She was making her way through the station, glad to be ahead of the early evening homeward rush, when two familiar figures sidled up beside her. Alison’s heart sank. John and Marjorie Tyler looked exactly like rurals making a pilgrimage to the city. He was in a dark overcoat of indefinite age, with a patina of ancient cupboard dust at the cuffs. His face was even more bloodless than usual. Marjorie wore a shiny fake Burberry, a vast billowing tent of waxed green that seemed big enough to engulf the whole of platform six. Both carried shopping bags that betrayed an outing to Oxford Street. Alison found herself grateful the contents were out of sight. The taste of Beulah’s odd couple was something she preferred to encounter on a dark night, and preferably after a few drinks.
“Bloody hell!” Marjorie bellowed. “Another one about to make it over the wire.”
She grinned weakly. Tyler had a sheaf of magazines under his arm and looked as if he couldn’t wait to get his long, pale nose inside them. “Just up on a little business,” she offered.
“Ah, that nice little gaudy baubles empire you run with our Miss Harrison,” Marjorie beamed. “Glad to see a little enterprise in the village. You travelling first or second dear?”
“Second. Pennies tight at the moment.”
John Tyler gave her a baleful stare. “Join the club. Never mind, Marjorie will sort it out.”
“Of course I will,” she said. “Mark this well. Your first lesson in the art of assertive train travel.”
A lone city type bearing an umbrella and a battered leather case was about to claim a long, empty bench seat, the fabric mended with tape after an obvious slash with a knife. With astonishing speed Marjorie launched her entire shopping pile in front of him and yelled, “Incoming!”
She pushed her way past the man, collapsed into a good half of the three person bench opposite her bags, and splayed her legs to get more room. Alison sat next to her. Marjorie ordered her husband to “park his bum” then said, in a very loud voice, “Bloody hell, John. Next time I come up for aerobics will you kindly ensure I remember the anti-pong, will you?” She flapped her vast arms; the movement of the fake Burberry made her look like some giant bat that would never escape the pull of gravity. “I stink worse than a brickie’s arse, thank you very much. Did you get some drinkies by the way?”
The city type fled silently and a group of gossiping women in the adjoining seats upped bags and walked to the end of the carriage. Tyler looked at his wife, reached into his pocket and threw a can of ready-made gin and tonic across to her. He pulled four more out and looked at Alison. “Fancy one? I’ve got G and T, whisky and dry ginger, voddie tonnie or a coconut daiquiri.”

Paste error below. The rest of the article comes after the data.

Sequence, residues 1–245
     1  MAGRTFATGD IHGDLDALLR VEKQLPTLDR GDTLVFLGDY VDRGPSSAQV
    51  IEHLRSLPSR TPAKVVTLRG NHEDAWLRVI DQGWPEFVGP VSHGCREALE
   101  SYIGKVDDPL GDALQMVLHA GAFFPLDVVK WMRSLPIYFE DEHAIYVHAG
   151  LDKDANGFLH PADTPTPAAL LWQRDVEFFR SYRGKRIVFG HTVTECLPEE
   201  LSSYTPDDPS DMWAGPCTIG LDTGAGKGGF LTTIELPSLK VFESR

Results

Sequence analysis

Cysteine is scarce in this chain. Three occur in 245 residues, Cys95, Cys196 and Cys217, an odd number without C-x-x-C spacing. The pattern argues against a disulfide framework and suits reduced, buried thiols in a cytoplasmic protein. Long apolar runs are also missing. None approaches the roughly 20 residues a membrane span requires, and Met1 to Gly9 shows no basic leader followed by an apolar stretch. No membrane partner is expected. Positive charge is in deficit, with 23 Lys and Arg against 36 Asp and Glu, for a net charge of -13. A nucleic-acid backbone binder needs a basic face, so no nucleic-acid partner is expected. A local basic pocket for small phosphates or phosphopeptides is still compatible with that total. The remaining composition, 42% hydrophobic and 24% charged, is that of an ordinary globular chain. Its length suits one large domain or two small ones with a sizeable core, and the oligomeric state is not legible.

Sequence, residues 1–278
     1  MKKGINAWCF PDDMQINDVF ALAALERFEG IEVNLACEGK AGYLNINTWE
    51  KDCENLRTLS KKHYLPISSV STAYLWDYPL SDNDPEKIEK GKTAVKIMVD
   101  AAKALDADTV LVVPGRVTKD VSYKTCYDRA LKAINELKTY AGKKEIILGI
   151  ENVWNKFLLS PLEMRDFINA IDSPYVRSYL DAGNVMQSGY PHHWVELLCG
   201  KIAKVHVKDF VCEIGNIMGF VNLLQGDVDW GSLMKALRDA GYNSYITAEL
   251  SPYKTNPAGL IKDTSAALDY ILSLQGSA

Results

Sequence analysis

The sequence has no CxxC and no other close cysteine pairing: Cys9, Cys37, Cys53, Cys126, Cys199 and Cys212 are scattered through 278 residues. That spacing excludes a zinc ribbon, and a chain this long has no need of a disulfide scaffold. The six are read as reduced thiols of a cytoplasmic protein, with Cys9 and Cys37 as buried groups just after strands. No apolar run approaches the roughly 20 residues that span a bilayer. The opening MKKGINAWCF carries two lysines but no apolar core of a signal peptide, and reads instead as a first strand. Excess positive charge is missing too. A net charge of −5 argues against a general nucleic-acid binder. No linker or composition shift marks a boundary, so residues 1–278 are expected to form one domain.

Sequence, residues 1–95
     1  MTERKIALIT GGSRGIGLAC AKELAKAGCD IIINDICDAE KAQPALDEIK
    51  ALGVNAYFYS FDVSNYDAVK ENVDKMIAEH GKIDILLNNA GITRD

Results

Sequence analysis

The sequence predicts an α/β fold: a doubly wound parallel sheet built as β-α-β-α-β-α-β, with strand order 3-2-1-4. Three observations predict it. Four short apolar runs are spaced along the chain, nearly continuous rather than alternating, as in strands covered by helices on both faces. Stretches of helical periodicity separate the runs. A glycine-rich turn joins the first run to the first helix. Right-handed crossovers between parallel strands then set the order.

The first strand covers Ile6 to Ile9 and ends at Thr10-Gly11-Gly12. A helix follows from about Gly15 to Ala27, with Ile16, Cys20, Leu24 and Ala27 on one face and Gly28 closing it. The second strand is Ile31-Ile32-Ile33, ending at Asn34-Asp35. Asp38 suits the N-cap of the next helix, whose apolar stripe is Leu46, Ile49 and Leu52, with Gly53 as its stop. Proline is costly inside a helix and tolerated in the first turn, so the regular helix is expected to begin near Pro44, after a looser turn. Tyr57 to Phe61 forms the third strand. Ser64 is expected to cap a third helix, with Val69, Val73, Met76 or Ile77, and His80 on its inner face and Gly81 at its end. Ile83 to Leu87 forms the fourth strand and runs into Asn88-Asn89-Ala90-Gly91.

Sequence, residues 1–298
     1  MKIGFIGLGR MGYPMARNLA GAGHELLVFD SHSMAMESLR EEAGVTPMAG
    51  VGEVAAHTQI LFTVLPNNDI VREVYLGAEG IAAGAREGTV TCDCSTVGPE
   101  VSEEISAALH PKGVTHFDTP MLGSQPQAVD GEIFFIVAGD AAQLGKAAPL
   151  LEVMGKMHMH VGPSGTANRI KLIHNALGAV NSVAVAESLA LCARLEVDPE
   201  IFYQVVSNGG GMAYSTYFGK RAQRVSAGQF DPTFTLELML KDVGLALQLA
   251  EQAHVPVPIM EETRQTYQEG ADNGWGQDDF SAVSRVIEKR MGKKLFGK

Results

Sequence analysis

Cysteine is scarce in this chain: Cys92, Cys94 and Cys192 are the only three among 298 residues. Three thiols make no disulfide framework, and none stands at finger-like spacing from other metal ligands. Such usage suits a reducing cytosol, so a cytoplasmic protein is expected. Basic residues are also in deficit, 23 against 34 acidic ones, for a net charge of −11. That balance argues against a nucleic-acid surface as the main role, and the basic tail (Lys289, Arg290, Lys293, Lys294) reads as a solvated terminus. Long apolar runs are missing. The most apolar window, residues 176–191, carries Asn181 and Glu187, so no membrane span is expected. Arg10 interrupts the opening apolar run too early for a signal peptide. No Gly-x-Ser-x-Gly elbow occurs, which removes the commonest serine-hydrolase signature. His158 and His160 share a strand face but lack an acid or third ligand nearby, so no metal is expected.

She shook her head. “No alcohol for the duration thanks.”
“Your decision,” he said in a flat monotone. Alison could feel her blood begin to boil in that familiar, Tyler-induced way.
“I thought you might approve of that,” she observed.
He looked astonished. “I’m a village quack, not the guardian of the Pearly Gates. A little alcohol never harmed anyone.”
Marjorie popped her drink with a fizz. Tyler mused over the collection on his lap, chose the coconut daiquiri, and opened it. Then the two of them clinked cans and said, in a very doleful fashion, “Cheers.” After which Tyler pulled out a magazine and buried his head in it. Alison looked at the cover. It was Caravan Monthly. She closed her eyes and wondered whether she really dared get up and sit somewhere else. But it simply wasn’t possible. They would doubtless just follow her around like hungry stray dogs.
Marjorie peered inside her bags. One contained clothing of a colour so livid it seemed to radiate beyond the top of the carrier. “Not a bad haul. And I got to see my sister Lorna in Barnsbury too. Poor cow has got some bloody French kids on a school exchange trip. What an idea. Foreign exchange. They ought to call it ‘Tadpoles To Go’ if you ask me. That’s what you get when you start breeding.”
“I imagine I have that to look forward to,” Alison said, trying to sound sweet.
A handful of commuters who had boarded at Waterloo East drifted towards the front of the train. “Townies!” Marjorie barked vehemently, the froth of the drink on her top lip. “What do you make of it, eh? No spunk, not one of them. Like little mice. Clambering on the train each morning, clambering back at night. Squeak, squeak, squeak!”
They pulled in to London Bridge. An inoffensive-looking pair in city suits came through the nearest door and eyed the shopping. Marjorie glowered until they went away.
“Wankers,’” she said out loud.
“Including my husband, presumably,” Alison noted sharply.
“Not at all,” Marjorie replied unfazed. “Miles drives. He’s his own man. Not a creature of Connex Sodding South East. And he’s going places. Unlike these drones.”
Alison said nothing. Marjorie gave her a penetrating stare, then a look that said the penny had dropped. “Oh God, dear. I forgot. Sara told me there was some problem at work. Job going belly up. That right?”
“Just about,” Alison replied, and wondered how she might cure Sara of her penchant for gossip. It was a village trait, true, but not an attractive one.